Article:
Toll New Zealand says the Greens' campaign to try to save the Overlander is unlikely to prevent the train service ending next month.
The Greens want a two-year stay of execution so it can be better marketed and made profitable.
The party said it collected hundreds of signatures in favour of retaining in the service in just an hour at Wellington railway station and Britomart, in Auckland, this morning.
But Toll spokeswoman Sue Foley said staff will look for new jobs in the next few weeks and prepare for the inevitable. She said they have to think of their own security and it is Toll's responsibility to support that.
The service is due to stop running between Auckland and Wellington as planned at the end of September.
Ms Foley said $1.7 million is needed to keep it on the rails, but says Toll is open to discussion.
Toll is yet to decide how it will farewell The Overlander train service.
Ms Foley said yesterday that the final trip, on September 30 had sold out.
Ms Foley said management was working with Toll NZ staff to decide how the final trip should be commemorated. As some people were losing their jobs, it was hardly a day of celebration, and it was important that an appropriate way of marking the occasion was found.
Ms Foley said staff were being understanding in the face of job cuts.
It was not yet known exactly how many staff would be made redundant as some people were able to be transferred to other areas.
"Everyone totally understands," she said.
"They're more aware than anyone how few people have been using the service.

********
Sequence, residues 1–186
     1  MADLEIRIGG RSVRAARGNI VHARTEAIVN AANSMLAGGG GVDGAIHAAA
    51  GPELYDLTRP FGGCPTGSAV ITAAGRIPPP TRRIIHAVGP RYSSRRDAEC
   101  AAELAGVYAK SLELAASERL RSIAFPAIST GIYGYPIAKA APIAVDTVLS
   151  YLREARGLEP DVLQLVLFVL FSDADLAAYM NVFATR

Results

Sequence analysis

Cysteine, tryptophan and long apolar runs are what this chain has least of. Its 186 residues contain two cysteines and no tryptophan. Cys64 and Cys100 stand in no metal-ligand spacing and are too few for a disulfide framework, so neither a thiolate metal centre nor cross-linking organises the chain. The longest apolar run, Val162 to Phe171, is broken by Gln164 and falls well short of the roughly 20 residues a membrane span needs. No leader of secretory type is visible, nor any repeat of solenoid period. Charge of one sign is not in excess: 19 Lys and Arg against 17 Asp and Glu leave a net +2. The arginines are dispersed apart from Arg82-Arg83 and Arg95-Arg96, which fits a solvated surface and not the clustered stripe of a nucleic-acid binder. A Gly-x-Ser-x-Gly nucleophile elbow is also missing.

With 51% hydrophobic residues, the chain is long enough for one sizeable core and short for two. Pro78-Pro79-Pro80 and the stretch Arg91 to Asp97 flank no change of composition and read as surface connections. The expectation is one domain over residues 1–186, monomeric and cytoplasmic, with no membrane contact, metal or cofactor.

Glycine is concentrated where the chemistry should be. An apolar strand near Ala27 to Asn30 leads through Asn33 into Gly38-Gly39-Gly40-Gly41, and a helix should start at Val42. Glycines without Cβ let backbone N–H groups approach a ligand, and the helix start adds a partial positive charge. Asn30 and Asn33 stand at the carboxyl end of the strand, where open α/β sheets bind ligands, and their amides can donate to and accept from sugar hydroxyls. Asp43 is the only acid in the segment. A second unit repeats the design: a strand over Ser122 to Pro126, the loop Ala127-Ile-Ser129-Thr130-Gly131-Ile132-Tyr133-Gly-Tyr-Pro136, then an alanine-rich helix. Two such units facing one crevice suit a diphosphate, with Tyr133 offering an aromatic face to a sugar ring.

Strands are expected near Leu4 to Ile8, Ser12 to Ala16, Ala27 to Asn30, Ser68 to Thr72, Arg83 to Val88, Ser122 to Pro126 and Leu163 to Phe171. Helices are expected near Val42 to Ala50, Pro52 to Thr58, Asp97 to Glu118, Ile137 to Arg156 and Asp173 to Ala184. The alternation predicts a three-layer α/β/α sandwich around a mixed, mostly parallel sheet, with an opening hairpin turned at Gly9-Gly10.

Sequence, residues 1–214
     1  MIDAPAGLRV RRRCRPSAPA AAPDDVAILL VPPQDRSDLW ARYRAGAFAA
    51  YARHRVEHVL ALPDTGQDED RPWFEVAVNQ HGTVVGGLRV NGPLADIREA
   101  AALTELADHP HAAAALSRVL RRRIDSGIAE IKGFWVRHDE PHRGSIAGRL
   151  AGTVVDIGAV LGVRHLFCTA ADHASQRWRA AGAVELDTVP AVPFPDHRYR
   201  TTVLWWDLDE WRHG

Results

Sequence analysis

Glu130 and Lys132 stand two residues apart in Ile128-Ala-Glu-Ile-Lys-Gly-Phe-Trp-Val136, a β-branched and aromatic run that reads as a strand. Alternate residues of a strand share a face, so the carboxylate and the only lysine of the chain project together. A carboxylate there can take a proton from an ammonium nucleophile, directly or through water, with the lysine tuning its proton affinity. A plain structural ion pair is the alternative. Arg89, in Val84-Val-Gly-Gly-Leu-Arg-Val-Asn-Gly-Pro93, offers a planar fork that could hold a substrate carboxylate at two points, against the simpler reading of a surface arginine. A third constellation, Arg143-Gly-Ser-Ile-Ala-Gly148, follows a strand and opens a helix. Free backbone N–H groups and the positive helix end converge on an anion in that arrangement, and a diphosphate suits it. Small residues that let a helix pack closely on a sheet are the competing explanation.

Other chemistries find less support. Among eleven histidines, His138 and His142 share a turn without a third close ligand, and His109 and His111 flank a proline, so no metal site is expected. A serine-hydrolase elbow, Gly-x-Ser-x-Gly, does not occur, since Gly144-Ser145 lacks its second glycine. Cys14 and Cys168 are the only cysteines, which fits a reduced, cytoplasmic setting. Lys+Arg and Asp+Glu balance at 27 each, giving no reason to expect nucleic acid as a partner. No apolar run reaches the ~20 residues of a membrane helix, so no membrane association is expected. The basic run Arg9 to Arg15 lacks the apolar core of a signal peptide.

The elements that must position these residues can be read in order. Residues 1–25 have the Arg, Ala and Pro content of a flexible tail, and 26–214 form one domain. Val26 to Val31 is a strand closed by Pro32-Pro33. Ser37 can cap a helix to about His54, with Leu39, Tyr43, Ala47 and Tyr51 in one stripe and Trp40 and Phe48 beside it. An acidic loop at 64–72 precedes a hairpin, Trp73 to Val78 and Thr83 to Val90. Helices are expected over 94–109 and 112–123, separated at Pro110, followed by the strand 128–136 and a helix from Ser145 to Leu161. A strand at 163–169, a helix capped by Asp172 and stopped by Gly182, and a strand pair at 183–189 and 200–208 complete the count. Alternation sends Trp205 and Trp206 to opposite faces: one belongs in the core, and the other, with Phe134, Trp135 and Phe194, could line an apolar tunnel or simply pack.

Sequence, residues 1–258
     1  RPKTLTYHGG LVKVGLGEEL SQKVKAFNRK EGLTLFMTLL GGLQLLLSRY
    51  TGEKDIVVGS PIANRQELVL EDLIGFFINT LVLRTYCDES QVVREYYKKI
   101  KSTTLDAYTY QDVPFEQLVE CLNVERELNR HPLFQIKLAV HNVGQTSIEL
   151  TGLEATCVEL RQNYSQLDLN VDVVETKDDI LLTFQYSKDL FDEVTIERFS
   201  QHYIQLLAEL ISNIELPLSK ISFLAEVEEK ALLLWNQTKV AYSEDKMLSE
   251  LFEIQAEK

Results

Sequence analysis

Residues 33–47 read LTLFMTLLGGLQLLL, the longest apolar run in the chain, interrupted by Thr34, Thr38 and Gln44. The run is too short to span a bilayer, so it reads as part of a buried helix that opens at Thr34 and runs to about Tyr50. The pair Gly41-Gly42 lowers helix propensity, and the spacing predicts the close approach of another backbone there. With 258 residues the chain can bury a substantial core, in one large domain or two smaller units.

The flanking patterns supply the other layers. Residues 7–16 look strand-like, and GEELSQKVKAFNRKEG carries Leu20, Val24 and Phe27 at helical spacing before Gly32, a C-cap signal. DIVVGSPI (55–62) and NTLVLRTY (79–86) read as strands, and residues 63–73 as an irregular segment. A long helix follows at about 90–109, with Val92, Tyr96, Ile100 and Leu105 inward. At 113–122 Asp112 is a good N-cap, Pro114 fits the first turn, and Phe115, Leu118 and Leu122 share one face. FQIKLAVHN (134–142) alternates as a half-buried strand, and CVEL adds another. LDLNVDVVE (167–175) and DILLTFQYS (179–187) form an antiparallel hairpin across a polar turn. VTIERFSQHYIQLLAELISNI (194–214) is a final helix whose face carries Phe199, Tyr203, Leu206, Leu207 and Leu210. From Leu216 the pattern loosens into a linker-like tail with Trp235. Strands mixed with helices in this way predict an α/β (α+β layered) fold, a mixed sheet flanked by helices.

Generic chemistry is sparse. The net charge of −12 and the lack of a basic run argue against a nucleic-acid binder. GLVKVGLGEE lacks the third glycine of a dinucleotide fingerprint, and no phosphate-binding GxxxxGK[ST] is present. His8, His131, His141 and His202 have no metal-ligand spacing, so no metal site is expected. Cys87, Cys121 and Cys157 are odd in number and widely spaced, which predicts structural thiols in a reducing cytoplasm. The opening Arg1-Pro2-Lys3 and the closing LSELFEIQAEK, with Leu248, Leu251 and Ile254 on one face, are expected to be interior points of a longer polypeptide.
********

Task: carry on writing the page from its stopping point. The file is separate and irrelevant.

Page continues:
"So there's understanding, but there is also sadness.
The Green Party launched a nationwide campaign for a two-year stay of execution for the service.
The Greens Party will be collecting more signatures in the weeks ahead, and will be supporting efforts by regional councils to gain a reprieve.
However, Finance Minister Michael Cullen appears to have quashed any hopes of Government help to keep the Overlander train running.
Michael Cullen said any response will depend entirely on the nature of the proposed package from councils. He has made it clear that a buy-in would be highly unlikely.
Greens co-leader Jeanette Fitzsimons said: "It is easy to forget how essential the Overlander is to the communities along the route.
"Once the track has been repaired and the service is being properly marketed, the Overlander should become a great tourism asset.
"And once those passenger numbers begin to rise, train travel will be clearly seen as a cost efficient and sustainable form of public transport."
- NEWSTALK ZB, NZHERALD STAFF, NZPA